Wall Street Views Latest Rally in Chemicals With Skepticism Analysts temper optimism over indiscriminate buying in the

26 November 2001 00:00  [Source: ICB Americas]

US chemical stocks have embarked on a robust rally from their September lows, catalyzed by a steep decline in energy prices and the anticipation of a strong economic recovery in mid-2002. While the rising tide has lifted all boats in the commodity, diversified and specialty chemicals sectors, many on Wall Street question whether this latest resurgence has legs, as fundamentals have yet to catch up to stock prices.

"We're seeing some pretty indiscriminate buying in the chemicals sector," says JPMorgan major chemicals analyst Donald Carson. "Generally, a lot of money managers have missed the run-up in cyclical stocks, and so what you're seeing is some people jumping in to take advantage of this year-end rally."

Merrill Lynch analyst John Roberts attributes part of the surge to a rebound from tax-loss selling of depressed chemical stocks. "A lot of institutional investors close out their accounts late in October, and once that seasonal selling pressure is off, you would expect a bounce off that," he says. In addition, "you may have had a Dow Chemical halo effect over the past few weeks since they expressed optimism about an economic recovery in late 2002 and a cyclical peak coming some time in 2004 at their annual investor meeting."

"This rally is being driven by lower energy prices as well as the expectation of a rebound in industrial production at some point next year," says ABN Amro specialty chemicals analyst David Begleiter. "We've had the worst industrial downturn since the Great Depression and at some point things will reverse. So you need to own these stocks prior to the recovery."

With crude oil recently falling to around $17 per barrel, its lowest level since mid-1999, chemical companies stand to benefit from significantly lower raw material costs. However, the demand side of the equation remains murky with little evidence that things are picking up.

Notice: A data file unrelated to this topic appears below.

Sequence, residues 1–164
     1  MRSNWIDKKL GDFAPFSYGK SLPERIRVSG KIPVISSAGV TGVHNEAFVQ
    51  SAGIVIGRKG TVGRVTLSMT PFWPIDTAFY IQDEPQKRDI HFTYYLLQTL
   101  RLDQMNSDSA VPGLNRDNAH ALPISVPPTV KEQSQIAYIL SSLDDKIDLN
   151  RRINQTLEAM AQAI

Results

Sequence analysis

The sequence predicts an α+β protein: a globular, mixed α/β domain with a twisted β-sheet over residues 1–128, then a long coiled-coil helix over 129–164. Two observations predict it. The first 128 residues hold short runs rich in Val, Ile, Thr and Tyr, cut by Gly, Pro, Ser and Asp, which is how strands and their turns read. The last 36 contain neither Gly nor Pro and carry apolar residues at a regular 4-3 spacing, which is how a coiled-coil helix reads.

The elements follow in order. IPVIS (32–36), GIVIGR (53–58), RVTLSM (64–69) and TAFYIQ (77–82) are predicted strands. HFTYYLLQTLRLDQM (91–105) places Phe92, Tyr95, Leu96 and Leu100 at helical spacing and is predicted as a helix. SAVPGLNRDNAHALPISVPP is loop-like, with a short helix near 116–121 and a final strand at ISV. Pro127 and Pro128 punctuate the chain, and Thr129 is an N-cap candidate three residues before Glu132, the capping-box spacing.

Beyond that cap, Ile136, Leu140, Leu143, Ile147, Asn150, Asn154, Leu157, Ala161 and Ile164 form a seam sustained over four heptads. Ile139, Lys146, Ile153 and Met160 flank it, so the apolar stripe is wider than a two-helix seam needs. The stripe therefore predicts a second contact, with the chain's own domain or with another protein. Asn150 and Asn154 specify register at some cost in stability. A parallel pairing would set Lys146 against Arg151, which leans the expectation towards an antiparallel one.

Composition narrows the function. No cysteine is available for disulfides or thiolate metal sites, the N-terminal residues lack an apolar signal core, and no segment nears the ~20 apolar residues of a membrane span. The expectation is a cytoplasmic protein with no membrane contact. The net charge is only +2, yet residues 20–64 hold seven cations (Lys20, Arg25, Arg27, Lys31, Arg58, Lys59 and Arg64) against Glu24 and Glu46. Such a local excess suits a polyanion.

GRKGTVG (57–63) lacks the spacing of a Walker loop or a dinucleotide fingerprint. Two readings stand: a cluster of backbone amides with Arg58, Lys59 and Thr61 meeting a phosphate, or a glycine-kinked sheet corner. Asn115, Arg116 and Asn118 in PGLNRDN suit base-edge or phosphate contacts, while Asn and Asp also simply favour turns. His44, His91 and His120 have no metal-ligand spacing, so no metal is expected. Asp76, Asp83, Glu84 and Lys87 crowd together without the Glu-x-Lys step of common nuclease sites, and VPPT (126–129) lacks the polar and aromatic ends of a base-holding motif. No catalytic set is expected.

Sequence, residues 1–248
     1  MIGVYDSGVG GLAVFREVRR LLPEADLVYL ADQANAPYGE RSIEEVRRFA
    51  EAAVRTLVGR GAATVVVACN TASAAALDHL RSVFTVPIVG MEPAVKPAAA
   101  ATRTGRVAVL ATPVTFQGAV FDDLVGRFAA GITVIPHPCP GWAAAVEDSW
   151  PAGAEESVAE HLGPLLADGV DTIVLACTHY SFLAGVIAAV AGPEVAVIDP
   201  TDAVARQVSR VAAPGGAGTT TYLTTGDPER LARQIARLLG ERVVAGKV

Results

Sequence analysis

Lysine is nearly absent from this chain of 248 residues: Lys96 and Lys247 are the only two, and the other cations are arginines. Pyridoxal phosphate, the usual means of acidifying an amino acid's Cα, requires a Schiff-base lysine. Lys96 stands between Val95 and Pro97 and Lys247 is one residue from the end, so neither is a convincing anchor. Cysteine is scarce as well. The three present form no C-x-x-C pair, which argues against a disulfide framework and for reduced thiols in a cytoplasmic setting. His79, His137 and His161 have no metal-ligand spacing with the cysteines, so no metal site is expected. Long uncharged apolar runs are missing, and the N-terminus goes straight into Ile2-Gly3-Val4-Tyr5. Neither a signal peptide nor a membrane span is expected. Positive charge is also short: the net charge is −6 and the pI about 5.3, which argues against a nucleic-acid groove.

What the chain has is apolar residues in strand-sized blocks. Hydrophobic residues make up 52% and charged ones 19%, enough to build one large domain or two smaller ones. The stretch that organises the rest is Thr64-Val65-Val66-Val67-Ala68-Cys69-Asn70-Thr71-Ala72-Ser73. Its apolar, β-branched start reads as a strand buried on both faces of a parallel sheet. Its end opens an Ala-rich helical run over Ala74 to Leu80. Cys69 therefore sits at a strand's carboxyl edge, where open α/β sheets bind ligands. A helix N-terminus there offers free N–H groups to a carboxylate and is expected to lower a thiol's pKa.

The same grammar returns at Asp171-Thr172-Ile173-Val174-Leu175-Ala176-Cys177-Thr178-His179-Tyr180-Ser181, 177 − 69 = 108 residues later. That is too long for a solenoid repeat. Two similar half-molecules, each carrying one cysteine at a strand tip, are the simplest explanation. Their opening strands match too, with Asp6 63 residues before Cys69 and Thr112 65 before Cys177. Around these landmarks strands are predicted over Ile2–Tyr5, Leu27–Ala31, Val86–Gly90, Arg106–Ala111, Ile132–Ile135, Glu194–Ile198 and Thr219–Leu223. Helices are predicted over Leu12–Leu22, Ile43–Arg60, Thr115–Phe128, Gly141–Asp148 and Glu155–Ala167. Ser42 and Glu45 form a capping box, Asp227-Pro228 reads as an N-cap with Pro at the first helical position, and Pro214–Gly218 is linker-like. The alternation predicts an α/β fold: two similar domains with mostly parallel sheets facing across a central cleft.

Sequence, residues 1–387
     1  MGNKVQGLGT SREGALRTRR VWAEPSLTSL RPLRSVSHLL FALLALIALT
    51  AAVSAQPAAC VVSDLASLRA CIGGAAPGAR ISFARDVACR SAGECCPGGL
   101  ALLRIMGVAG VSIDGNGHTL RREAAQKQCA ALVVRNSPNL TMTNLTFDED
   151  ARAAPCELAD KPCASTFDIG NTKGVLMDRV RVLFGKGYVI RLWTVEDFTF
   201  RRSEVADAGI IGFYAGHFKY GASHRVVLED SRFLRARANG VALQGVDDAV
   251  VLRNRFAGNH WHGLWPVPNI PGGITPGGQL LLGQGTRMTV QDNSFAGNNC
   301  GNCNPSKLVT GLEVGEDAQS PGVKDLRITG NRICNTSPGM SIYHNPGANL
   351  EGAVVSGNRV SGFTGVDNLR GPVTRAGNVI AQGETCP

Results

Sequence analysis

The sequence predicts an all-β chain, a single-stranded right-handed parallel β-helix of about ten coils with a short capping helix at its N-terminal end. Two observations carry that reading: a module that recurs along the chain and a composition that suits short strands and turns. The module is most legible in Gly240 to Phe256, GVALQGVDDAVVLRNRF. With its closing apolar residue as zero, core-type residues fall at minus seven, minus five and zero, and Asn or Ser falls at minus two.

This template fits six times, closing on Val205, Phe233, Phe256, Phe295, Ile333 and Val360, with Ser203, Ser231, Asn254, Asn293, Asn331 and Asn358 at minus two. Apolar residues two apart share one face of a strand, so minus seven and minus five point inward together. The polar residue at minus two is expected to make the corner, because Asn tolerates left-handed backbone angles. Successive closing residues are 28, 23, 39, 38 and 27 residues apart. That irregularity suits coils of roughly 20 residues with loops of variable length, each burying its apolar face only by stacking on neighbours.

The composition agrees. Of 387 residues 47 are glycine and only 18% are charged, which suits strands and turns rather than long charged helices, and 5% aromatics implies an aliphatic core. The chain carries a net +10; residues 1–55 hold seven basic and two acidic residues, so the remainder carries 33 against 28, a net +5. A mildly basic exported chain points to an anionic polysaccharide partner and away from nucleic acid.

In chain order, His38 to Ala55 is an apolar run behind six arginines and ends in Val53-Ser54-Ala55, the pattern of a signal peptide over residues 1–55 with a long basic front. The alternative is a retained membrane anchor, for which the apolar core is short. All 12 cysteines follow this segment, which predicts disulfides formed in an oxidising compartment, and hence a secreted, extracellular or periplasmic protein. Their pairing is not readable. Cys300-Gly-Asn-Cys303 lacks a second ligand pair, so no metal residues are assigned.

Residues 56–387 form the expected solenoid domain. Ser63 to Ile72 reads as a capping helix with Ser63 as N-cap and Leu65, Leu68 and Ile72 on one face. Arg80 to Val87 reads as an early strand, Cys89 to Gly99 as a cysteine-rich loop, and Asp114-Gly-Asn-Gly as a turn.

"There's no doubt lower raw material costs will be helpful, but I don't think it will be enough to really change the game here," Mr. Begleiter notes. "Evidence of any pickup in demand is spotty. On the industrial side, things are still limping along."

The direct beneficiaries of lower energy costs are the commodity chemical companies. Lyondell Chemical Company has enjoyed a blistering 66 percent rise in its stock price since September 21, from a low of $9.45 to around $15.73 (see chart). Other major chemical companies registering sizeable gains include DuPont (+37%), Eastman (+36%), Millennium (+35%) and Dow Chemical (+29%).

"The rally in Lyondell does not appear to be grounded in fundamentals because we know in this case that the fundamentals in ethylene do not look too good," says Argus Research's Mr. Kerans. "While they will benefit from lower oil prices, that doesn't warrant a 50 percent plus move in its stock price."

Specialty chemical companies are also poised to benefit from falling raw material costs. Valspar Corp. in particular could be a good play on falling crude oil prices, a US economic recovery and lower interest rates.

"With around 75 percent of cost-of-goods-sold comprised of raw material costs, particularly heavily weighted towards petrochemicals, Valspar tends to be a major beneficiary of lower oil prices," says Lehman Brothers analyst Timothy Gerdeman. "In addition, with over 80 percent of its annual sales in North America, Valspar is nicely leveraged to be an early-cycle play on the eventual US-led global economic recovery."